That’s why economic policies fail time and time again…. for many, what you can not see, does not exist.

        Opportunity costs are real.

  3. Scollay Square

    George II suspended issuance of the long bond for five years from 2001 to 2006. I assume– although please correct me if I am wrong– that this was done in an attempt to lower long term interest rates (in addition, of course, to Mr. Greenspan’s considerable efforts on the short end of the curve). I would think that going for five years with no new long bond issuance must have been motivated by thinking very similar to the rational for Operation Twist. Are there any studies of whether or not this five year policy actually affected the level of long term interest rates, and if so, how?

  4. financial matters

    I liked this comment from earlier. Treasuries have their uses but it’s not to fund govt spending. The govt prints USD which includes the interest on Treasuries. And the Fed and Treasury essentially act as one body.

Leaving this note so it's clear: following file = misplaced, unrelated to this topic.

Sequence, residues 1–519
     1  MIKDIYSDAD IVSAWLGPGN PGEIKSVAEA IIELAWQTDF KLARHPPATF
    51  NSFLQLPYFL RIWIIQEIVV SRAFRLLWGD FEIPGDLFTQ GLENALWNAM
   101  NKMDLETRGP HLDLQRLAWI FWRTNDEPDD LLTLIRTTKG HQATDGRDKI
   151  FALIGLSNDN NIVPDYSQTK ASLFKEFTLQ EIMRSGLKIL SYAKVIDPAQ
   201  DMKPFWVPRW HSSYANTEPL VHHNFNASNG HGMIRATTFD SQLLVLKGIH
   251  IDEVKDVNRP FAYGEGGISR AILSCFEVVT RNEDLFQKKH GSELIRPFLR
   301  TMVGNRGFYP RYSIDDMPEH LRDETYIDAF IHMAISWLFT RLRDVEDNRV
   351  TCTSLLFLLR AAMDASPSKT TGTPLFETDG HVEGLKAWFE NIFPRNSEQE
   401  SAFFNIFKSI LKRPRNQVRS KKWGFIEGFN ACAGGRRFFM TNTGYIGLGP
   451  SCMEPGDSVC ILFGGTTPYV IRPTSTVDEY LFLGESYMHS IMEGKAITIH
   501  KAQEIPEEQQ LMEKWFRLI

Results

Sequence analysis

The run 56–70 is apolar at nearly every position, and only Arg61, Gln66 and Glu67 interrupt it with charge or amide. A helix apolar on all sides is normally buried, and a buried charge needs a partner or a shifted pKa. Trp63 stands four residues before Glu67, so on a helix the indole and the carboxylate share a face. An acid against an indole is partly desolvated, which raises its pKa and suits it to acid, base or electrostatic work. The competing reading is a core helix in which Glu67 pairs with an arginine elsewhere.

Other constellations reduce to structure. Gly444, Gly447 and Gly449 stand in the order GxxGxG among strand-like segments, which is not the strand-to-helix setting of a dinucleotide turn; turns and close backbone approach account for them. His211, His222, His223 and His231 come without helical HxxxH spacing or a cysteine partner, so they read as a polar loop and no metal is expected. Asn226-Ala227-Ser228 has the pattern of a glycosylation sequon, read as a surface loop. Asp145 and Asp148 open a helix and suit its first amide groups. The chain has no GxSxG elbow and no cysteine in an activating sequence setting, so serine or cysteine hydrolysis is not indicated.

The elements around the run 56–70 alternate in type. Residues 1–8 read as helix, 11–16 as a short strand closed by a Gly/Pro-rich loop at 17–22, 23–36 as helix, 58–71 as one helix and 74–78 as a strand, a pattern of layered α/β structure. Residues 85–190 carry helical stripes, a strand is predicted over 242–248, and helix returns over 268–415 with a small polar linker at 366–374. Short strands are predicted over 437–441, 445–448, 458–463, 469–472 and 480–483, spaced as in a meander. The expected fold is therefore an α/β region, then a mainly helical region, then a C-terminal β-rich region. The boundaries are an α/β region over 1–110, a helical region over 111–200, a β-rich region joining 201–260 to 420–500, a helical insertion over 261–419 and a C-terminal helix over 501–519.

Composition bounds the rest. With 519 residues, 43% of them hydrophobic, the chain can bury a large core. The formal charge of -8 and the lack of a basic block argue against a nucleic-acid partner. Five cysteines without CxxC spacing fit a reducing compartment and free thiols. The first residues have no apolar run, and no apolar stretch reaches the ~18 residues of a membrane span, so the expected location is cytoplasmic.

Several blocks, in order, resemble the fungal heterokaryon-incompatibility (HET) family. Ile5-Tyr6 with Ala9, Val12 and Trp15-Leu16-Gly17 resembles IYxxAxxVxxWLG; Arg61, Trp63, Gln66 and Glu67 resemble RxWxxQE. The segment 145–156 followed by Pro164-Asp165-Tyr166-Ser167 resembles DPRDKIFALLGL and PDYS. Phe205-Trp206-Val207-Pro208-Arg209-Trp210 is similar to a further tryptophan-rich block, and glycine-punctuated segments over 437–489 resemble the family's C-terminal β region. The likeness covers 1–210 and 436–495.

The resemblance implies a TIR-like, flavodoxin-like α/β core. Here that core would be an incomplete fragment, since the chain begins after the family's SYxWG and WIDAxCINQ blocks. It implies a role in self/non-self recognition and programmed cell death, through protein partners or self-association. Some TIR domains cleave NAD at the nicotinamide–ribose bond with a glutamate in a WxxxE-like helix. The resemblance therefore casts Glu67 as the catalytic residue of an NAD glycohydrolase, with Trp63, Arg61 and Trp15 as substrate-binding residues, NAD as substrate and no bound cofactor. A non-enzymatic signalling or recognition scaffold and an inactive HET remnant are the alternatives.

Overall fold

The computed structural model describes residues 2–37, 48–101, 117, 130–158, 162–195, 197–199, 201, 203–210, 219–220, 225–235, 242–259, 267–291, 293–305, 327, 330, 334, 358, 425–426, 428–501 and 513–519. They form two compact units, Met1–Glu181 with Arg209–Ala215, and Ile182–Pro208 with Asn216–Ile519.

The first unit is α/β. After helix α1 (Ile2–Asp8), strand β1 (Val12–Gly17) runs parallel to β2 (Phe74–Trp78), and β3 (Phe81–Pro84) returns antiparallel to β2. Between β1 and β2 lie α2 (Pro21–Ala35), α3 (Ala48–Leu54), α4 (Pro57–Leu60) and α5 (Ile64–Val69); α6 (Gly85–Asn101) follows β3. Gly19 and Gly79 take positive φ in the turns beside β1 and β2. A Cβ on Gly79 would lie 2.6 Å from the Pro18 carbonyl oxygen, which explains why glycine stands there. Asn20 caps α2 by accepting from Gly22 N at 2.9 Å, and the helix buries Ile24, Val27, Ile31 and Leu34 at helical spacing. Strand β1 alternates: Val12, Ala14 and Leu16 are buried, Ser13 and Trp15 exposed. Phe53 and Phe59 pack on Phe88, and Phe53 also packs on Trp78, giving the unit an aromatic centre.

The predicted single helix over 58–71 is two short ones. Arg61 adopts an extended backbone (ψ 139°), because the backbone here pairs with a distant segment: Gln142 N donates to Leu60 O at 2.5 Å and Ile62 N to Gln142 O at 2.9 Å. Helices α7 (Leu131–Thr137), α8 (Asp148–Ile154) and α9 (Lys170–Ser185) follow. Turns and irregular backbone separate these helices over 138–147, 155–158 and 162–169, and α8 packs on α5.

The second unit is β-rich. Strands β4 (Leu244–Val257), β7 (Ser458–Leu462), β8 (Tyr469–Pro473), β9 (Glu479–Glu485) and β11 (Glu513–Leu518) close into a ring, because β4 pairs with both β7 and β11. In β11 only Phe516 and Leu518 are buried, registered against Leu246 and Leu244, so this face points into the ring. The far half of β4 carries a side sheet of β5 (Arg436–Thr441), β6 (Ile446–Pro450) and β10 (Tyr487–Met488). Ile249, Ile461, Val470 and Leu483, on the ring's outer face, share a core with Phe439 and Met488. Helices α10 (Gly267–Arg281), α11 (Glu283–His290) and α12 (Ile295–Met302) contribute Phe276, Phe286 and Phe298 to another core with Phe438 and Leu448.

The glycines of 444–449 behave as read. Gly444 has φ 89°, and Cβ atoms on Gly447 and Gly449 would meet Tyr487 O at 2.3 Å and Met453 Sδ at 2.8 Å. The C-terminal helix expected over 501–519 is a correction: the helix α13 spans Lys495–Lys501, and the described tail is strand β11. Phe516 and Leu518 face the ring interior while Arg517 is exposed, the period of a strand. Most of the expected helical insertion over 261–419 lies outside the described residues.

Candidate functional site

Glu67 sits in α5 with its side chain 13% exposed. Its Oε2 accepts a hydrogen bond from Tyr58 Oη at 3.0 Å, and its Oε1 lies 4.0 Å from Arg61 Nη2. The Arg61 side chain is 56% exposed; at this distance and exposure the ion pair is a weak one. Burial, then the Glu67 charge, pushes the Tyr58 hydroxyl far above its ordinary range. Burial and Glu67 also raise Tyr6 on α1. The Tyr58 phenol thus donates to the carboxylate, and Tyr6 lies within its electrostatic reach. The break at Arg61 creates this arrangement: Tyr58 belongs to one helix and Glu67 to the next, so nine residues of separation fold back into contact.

Joe Firestone (LetsGetitDone)
    July 3, 2014 at 11:49 pm

    Your reference to other interest rates is beside the point, since the claim being addressed is that the market can drive up the interest rates on Treasury securities. Again, the Treasury and the Fed set those rates. The Fed leads with its FFR, then The Treasury prices the bonds a bit above that to offer a better deal to banks and foreign nations holding dollar reserves. Of course, other instruments might offer very high interest to investors; but there’s always a need for risk-free vehicles to park reserves while deciding on investments, so there will always be buyers for Treasury securities at the rates offered.

    In addition, even if the market didn’t want to buy the Treasuries, there are some 20 private certified dealers, whose deal with the Fed is that they will purchase securities on offer and then resell them to others. These dealers, in return for their commitment to buy all the securities on offer get to charge fees when they sell. In addition, the Fed advances the money to them to buy the securities. So, the risk to the dealers is removed and the sale of the securities at auction is guaranteed.

    Finally, your comment, ignores the point I made about ceasing to issue debt and funding repayment of debt instruments and deficit spending with platinum coins. In that scenario, the market loses all power to drive up interest costs because the only ones are interest costs on securities sold in the past and still not redeemed. There are no new interest costs at higher rates. In that scenario, interest costs would fall every year until the public debt subject to the limit would be entirely liquidated.